In last Saturday’s New York Times, Peggy Orenstein wrote an op-ed that discussed her frustration with her daughter’s school’s dress code. Dress code enforcement usually targets the girls more than the boys and inevitably communicates unintended messages to girls about their sexuality.
Today in response to the op-ed there were a couple of letters to the editor. One of them said that the solution is school uniforms. Here it is:
To the Editor:
The answer is school uniforms. Besides leaving nothing to battle over, a school uniform solves other issues.
It reminds kids that when they go to school, they are students, not just some kids hanging out. It displays a sense of respect for the institution of school, to the teachers and to each other. It removes obvious inequalities such as designer clothes or sneakers, which cause jealousy and resentment among students. It reduces distractions of all kinds, thereby reducing the need for teachers, parents and students to get embroiled in the trivial details of whose skirt is too short and whose pants are hanging down too low.
There can never be universal agreement about this, and that’s where uniforms come in.
When I travel to other countries and see the schoolchildren so neatly dressed in their school uniforms, it makes me smile. They look like students, not some street urchins trying to attract attention for their looks and not for their brains. And in most of the countries that have the highest achieving students, the students wear uniforms.
Hampton Bays, N.Y., June 14, 2014
I’d like to make a case for school uniforms in yeshiva high school. First of all let me say that I don’t like the idea of school uniforms. I like the idea of students having as much freedom as you can give them. I like the idea of students and their parents responsibly adhering to the school’s dress code while expressing their own individuality through the fashion that they choose. Nevertheless I’ve begun to think that uniforms are the way to go. Why?
1. Students will always push back against a school’s dress code. It’s the nature of being a teenager. It doesn’t matter where on the modern orthodox yeshiva high school spectrum your school falls, it’s the same problem everywhere. Boys and girls each push back against the school’s expectations. I have no problem with that. That’s what teenagers are supposed to do. There is disparity though between boys and girls. When a staff member tells a boy to wear a collared shirt, or to tuck in his shirt, or to do whatever a school tells its boys to do, the offending boy complies sometimes begrudgingly but never feeling that a staff member is challenging his self-worth, morality or religiosity. When a staff member tells a girl that her skirt is too short or that her top is too tight or too low cut it is always interpreted as a statement about the girl’s sexuality. In the past I’ve tried to argue that it’s not about sexuality; it’s just about formality, as was argued in this blog post on the NYT website. But it’s just not true. Girls’ dress code is about sexuality. Boys’ dress code is about formality. This has to do with current fashion and the way that halacha views clothing and bodies. So no matter how sensitive, kind, respectful and loving a teacher is when instructing a girl to change her clothes, she is making a statement about the girl’s sexuality. No teacher wants to be put in that position and I don’t want to put them in that position. High school girls’ sense of body image is too personal, sensitive and explosive of an issue. The harm done enforcing a real dress code is real. And the harm in not enforcing the dress code is real too. So I’ve begun to consider the idea of a uniform as a possible solution. Again, I see the problem stemming from the girls’ position, but once proposing a uniform for one gender I’d propose it for the other too.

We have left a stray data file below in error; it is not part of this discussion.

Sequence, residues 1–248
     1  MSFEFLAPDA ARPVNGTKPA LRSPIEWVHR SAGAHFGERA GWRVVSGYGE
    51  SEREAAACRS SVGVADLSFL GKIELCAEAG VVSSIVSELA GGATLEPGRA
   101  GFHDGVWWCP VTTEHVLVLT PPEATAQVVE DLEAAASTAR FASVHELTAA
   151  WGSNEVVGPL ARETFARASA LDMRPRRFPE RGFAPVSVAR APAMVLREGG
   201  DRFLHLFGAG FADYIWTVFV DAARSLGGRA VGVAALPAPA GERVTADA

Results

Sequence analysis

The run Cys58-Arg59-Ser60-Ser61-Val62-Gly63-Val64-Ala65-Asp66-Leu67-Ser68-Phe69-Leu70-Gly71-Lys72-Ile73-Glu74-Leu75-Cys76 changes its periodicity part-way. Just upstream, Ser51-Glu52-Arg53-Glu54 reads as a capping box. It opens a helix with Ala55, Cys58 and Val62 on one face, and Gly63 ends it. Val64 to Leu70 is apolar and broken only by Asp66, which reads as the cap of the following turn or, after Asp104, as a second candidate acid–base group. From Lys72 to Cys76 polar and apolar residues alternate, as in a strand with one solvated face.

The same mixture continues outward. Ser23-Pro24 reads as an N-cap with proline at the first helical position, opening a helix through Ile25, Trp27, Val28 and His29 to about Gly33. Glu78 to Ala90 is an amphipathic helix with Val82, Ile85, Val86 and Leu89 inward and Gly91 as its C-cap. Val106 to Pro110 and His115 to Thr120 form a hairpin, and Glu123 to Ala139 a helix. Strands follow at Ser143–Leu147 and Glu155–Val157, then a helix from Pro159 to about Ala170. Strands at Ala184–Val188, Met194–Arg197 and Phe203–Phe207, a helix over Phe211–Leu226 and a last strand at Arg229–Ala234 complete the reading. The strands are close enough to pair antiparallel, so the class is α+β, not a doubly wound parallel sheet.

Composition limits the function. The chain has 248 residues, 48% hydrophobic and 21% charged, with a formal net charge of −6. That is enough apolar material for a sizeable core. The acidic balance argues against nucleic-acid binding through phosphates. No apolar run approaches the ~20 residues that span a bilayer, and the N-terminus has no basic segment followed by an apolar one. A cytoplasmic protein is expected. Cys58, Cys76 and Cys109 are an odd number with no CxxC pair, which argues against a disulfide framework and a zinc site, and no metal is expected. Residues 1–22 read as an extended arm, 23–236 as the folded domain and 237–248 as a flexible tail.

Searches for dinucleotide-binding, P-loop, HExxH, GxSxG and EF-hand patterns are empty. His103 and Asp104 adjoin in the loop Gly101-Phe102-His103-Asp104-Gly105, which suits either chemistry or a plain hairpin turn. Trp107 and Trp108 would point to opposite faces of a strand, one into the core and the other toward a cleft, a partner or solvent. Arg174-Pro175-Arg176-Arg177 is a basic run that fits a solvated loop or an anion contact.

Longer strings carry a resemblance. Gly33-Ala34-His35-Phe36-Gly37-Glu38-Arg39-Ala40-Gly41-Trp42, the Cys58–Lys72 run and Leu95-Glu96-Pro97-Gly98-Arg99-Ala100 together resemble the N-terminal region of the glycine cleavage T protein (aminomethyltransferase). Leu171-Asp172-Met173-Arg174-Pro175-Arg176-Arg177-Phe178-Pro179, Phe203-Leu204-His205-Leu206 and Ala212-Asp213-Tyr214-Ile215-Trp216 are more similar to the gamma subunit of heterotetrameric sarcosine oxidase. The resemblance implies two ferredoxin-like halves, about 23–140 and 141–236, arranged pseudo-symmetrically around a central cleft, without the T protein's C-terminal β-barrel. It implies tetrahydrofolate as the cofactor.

2. Families spend a lot of money on clothes for their high school kids. If you have uniforms the expense is reduced.
3. Kids compete with each other in the arena of fashion as almost everyone anxiously try to outdo one another. Even if they’re not trying to outdo one another, they are constantly concerned about how others in school will judge them based on their clothing. A uniform removes the anxiety.
4. Individuality should be expressed in ways that matter, like your conversation, your writing, your thoughts and the way you behave, not external things like your clothing.
When schools strictly enforce their dress code, parents and students often complain that the school is focusing on external things and missing the point by not focusing on the internal. When schools let students bend the dress code, parents and community members complain that the school is not adhering to its values. They’re both right! Can we figure out a way to have students work with their school to design a uniform that will solve the problems I outlined above while respecting a student’s self expression?